HOLMAN, N.M. (AP) — On a spring Saturday afternoon, two “hermanos” knelt to pray in the chapel of their Catholic brotherhood of St. Isidore the Farmer, nestled by the pine forest outside this hamlet in a high mountain valley.Fidel Trujillo and Leo Paul Pacheco’s words resounded in New Mexican Spanish, a unique dialect that evolved through the mixing of medieval Spanish and Indigenous forms. The historic, endangered dialect is as central to these communities as their iconic adobe churches, and its best chance of survival might be through faith, too.
“Prayers sung or recited are our sacred heritage,” said Gabriel Meléndez, a professor emeritus of American Studies with the University of New Mexico, who’s also a hermano. “When prayers are said in Spanish, they’re stronger. They connect us directly to people who came before us.”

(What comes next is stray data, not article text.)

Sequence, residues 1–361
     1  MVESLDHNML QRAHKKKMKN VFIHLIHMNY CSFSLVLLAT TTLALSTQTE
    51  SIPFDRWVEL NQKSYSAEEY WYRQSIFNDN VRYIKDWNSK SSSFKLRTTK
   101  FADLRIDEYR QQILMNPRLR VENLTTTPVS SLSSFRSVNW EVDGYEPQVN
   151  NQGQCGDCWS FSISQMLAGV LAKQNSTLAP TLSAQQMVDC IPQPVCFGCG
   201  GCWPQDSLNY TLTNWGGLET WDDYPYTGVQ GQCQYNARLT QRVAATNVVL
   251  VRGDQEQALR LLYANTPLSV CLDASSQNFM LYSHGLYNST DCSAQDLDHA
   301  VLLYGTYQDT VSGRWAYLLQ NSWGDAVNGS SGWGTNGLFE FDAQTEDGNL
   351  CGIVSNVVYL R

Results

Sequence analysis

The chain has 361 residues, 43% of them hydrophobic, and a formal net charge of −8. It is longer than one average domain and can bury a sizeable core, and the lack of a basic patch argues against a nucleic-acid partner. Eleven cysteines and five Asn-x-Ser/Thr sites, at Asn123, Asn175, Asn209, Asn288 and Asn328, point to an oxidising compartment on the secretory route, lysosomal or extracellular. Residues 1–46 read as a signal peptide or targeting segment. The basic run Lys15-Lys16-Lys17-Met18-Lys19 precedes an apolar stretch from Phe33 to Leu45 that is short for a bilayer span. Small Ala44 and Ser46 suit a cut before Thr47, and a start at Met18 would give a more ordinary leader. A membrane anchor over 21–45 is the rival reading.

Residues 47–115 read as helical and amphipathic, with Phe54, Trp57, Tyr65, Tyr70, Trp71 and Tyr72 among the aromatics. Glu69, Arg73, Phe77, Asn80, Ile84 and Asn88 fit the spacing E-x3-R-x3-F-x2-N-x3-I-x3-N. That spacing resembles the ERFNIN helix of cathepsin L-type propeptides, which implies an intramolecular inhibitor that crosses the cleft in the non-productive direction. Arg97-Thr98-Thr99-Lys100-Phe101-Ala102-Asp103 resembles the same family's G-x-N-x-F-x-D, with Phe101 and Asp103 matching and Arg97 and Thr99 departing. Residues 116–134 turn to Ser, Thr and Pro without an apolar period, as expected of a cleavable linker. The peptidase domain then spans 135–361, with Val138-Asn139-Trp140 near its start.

Preserved mostly in devotions, particularly in humble “moradas” – as the brotherhoods’ chapels are called – built of mud and straw in rural communities across the northern reaches of the state, New Mexican Spanish is different from all other varieties of the language.
“Unlike most other forms of Spanish used in the U.S. today, it’s not due to immigration in the last 100 years, but rooted back to the 1500s,” said Israel Sanz-Sánchez, a professor of languages at West Chester University in Pennsylvania who has researched the dialect.
Spanish expl …
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